Instant Picks of the Week 1/12/18
Gone are the days of scrolling mindlessly through your queue! No longer will you have to sift through the vastness of what’s coming to the instant viewing wastelands this month! Whether you’re looking for a stellar film or an exciting new show to binge, Instant Picks of the Week brings you the hottest releases in film and television on instant viewing platforms that we know you’ll love, or at the very least not despise.
There is a persistence to RAW’s vision that is unlike most horror contemporaries. It is more akin to the works of Refn, though arguably far more personal, than any traditional horror release, and deceptively comedic for a film that masquerades as straight horror. Justine is an introverted 18-year-old vegetarian hoping to follow in the footsteps of her parents to one day become a vet. Her older sister is no different. Together they attend France’s most elite veterinarian college, forcing Justine through a brutal freshman hazing process the likes of which the United States has never seen. The willful separation from faculty and the student body largely contributes to the growing sense of unrest that RAW attains. Justine has to share her dorm room with a gay man she slowly develops feelings for, is forced to eat a raw rabbit kidney, discovers a horrific skin rash, and (as we all do) develops an insatiable appetite for human flesh. Inside a college fantasy where roofied college students party right next to the morgue, only to nonchalantly dissect a dog the next morning, RAW hints at the hypocrisies of a generation so self-obsessed that even doctors don’t lend a hand to a girl in need. RAW is a walk of solidarity for any misfit to ever attend college. It is a consolidation for all children who have lost their way amidst the peer pressure of frat initiations. It demands that we be who we are, and consoles us knowing that we will one day work our way through this struggle. Read the full review here.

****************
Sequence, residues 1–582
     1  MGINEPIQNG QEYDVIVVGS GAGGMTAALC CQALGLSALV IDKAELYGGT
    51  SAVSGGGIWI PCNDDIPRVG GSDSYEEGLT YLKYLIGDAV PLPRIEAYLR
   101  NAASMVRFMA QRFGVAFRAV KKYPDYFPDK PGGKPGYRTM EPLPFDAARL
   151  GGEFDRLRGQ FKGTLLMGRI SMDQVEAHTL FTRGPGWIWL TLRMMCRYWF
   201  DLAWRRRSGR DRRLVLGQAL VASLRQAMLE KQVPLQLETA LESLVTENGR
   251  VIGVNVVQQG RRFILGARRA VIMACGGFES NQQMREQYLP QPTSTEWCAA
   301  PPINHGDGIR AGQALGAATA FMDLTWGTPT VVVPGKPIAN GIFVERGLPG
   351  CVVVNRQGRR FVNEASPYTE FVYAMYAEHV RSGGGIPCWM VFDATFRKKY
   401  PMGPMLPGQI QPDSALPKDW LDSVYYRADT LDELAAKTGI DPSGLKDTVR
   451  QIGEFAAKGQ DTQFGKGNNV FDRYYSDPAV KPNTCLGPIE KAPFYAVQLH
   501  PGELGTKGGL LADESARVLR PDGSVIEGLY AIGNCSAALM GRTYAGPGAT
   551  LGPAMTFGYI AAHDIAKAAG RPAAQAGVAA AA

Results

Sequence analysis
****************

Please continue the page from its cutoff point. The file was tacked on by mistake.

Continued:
SUPER DARK TIMES (Netflix)
Talk about propulsive. Few films snowball from their ominous prologue like SUPER DARK TIMES, a quintessential angsty-teen melodrama that deftly cannonballs itself into the terrain of a horror-thriller. Debut director Kevin Phillips, who hails from a background of commercial cinematography, breathes life into the monotony of ‘90s east coast Americana exceptionally. And that’s perhaps the biggest takeaway here: SUPER DARK TIMES is a case study that no milieu is too bland. If you can make suburbia this compelling, then by God, anything is possible. After a traumatic accident causes a rift in allegiances between two best friends, Phillips lures his audience into a narrative of mental decay. It’s the darkest version of STAND BY ME you’ll ever see. Phillips’s film profits greatly from its outstanding central performances. Lead actors Owen Campbell and Charlie Tahan perform with a level of natural vulnerability that astutely captures the existential malaise of postmodern youth. It’s a film where our demons lie dormant and can be awakened at the drop of a hat, one where the fallout of bullying and late-teen shenanigans can have drastic repercussions. It’s a powerfully captured film, one directed with care and attention, precisely framed and elegantly staged. Phillips’s film may leave something to be desired in characterization, but I’ll be damned if it doesn’t showcase the merits of coordinated filmmaking. Read the full review here.